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Maus  Contemporary

 

 

portrait of Alabama artist Betty Sue Matthews by @Kelly Ludwig, 2008. Used with permission, all rights reserved.portrait of Alabama artist Betty Sue Matthews by @Kelly Ludwig, 2008. Used with permission, all rights reserved.

BETTY SUE MATTHEWS

MAY 17 - AUGUST 9, 2024

OPENING RECEPTION FRIDAY, MAY 17 (6-8PM)

 

Betty Sue Matthews (1944-2018) was a self-taught artist working in unconventional materials, primarily painting on metal sheets, mostly cut-out in the shape of people, animals, or objects such as the school bus shown in this photographic portrait of the artist by Kelly Ludwig. These cut-outs are often painted on both sides.

The Alabama-native artist's work has been exhibited in the Smithsonian and the Rosa Parks Museum.

 

 

Half of the proceeds from this exhibition of Betty Sue Matthews' work benefit the nonprofit Eastern Shore Art Center, ESAC, and the "Art for Everyone" program at the downtown Birmingham Public Library.

 

The Eastern Shore Art Center  ESAC

Located in the Bayfront community of Fairhope, Alabama, the Eastern Shore Art Center (ESAC) has been the keystone arts and cultural center for several communities on the Eastern Shore of Mobile Bay since its founding in 1952. ESAC’s mission is to connect people of all ages and abilities with art through education, exhibitions and outreach activities.

 

The Birmingham Public Library's Art For Everyone Program

The mission of the Birmingham Public Library is to provide the highest quality experience to our community for lifelong learning, cultural enrichment, and enjoyment. The Art For Everyone program features rotating two-month exhibitions in three distinct gallery spaces at the central library downtown. Organized by independent curator Paul Barrett, the nineteen exhibitions in 2024 highlight the talents of artists working in a variety of themes and media from Alabama and beyond.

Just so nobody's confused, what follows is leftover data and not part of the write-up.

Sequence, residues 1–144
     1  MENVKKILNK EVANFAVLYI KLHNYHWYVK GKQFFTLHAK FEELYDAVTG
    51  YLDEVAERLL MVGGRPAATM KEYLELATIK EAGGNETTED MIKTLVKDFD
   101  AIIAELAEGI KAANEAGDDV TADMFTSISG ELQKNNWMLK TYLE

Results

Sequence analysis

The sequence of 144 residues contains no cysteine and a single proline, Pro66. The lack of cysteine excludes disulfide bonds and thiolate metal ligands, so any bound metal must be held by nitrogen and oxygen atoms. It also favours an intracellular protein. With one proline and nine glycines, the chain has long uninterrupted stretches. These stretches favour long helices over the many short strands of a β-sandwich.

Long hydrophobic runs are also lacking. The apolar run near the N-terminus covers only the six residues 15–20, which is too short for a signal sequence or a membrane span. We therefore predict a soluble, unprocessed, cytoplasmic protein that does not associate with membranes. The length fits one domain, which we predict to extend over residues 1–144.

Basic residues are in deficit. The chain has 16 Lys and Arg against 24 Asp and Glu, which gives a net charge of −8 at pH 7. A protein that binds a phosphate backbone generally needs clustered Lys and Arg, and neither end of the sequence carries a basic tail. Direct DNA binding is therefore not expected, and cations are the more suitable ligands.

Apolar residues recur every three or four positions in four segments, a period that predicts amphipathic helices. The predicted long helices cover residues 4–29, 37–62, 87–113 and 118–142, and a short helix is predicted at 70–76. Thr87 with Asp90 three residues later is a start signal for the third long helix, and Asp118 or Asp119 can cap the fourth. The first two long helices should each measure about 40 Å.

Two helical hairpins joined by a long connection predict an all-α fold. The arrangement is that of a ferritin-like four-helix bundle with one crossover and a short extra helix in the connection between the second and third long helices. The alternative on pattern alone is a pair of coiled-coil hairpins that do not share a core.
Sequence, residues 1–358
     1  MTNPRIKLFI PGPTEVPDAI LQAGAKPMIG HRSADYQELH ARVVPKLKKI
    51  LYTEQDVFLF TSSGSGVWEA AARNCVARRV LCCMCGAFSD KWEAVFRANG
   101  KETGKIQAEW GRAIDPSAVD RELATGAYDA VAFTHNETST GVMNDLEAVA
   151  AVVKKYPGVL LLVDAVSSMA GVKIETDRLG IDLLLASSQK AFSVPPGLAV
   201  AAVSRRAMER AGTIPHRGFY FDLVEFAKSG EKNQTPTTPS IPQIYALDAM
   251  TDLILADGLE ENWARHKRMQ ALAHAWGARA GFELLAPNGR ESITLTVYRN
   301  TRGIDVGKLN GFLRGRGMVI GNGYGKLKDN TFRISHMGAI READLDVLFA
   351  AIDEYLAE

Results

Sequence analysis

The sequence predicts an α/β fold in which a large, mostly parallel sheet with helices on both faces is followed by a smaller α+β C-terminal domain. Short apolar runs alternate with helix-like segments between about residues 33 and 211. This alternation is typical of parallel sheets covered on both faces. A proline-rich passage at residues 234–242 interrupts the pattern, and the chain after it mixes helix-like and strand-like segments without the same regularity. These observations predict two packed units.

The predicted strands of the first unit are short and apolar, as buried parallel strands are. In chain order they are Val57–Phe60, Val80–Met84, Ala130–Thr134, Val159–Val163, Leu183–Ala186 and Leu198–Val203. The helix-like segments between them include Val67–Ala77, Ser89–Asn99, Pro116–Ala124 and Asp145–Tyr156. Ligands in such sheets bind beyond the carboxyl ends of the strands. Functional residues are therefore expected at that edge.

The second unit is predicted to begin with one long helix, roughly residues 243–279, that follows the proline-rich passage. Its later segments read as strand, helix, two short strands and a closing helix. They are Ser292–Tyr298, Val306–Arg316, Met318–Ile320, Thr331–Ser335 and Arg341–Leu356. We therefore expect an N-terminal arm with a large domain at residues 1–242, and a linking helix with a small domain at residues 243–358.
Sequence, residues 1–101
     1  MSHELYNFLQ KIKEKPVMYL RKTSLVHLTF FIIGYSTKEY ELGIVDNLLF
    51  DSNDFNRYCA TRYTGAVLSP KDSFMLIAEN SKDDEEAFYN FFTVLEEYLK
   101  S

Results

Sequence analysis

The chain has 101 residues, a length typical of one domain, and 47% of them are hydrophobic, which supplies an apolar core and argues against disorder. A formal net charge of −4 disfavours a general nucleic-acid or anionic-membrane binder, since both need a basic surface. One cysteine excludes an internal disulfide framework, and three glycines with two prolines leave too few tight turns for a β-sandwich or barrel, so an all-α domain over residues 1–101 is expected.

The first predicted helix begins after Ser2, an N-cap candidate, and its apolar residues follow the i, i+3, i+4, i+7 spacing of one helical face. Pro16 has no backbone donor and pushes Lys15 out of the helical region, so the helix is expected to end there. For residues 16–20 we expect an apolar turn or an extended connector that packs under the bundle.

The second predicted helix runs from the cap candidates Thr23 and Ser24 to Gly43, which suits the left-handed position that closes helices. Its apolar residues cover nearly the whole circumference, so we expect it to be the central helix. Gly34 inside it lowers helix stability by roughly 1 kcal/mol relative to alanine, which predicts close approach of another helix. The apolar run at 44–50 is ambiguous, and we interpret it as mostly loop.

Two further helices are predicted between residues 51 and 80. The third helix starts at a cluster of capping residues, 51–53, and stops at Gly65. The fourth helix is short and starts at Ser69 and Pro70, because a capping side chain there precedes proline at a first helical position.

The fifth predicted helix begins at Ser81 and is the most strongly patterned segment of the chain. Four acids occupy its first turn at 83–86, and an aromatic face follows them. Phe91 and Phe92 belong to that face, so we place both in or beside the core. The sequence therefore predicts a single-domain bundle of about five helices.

Betty Sue Matthews "Father and Daughter"Betty Sue Matthews "Father and Daughter"Betty Sue Matthews reflected the world she saw around her, drawing images from memory in the dirt with a stick at an early age. Sculptor and fellow Brundidge, Alabama native, Larry Godwin, met Matthews in the 1980s and eagerly introduced others to her work. In 1991, lobbyist and art collector Ron Drinkard introduced Matthews to the artist Fred Nall Hollis while Nall was artist in residence at nearby Troy University. Nall was immediately charmed and began to bring her cardboard and paint, and later art papers and tin to create her art. At that time she sold her paintings in an impromptu gallery in front of her home for two dollars each, gradually raising her prices each week as she received new art materials and her confidence grew. She created her earliest paintings with old house paint, dirt, and grass stains on flattened cardboard boxes in a manner reminiscent of Jimmy Lee Sudduth, although it is unlikely that she met him before she began exhibiting at the Kentuck Festival in the 1990s. Nall championed her work, organizing solo exhibitions in Dothan, Montgomery, and Troy. In 2000 he featured her work among thirteen Alabama artists including William Christenberry, Chip Cooper, Frank Fleming, Charlie Lucas, Jimmy Lee Sudduth, Mose Tolliver, Yvonne Wells, and Kathryn Tucker Windham, alongside his portraits of Matthews and the other artists. The exhibition debuted at the Montgomery Museum of Fine Arts and the Alabama State Council on the Arts and traveled to Vence, France and many additional venues in the United States.